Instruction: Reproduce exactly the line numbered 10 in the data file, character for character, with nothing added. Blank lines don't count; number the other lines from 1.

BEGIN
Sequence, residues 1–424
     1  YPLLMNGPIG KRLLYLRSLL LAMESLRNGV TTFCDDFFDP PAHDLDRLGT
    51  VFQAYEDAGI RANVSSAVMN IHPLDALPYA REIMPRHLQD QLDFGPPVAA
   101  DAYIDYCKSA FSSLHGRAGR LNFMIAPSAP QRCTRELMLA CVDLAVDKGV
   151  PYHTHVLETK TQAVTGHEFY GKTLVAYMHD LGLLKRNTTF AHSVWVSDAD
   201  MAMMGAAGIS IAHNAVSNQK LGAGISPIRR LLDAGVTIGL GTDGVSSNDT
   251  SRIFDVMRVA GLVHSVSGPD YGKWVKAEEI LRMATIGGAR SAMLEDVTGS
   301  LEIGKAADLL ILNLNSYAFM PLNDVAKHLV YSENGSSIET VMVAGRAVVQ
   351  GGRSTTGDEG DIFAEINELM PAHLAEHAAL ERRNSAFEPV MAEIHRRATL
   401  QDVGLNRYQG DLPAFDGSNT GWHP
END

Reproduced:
   401  QDVGLNRYQG DLPAFDGSNT GWHP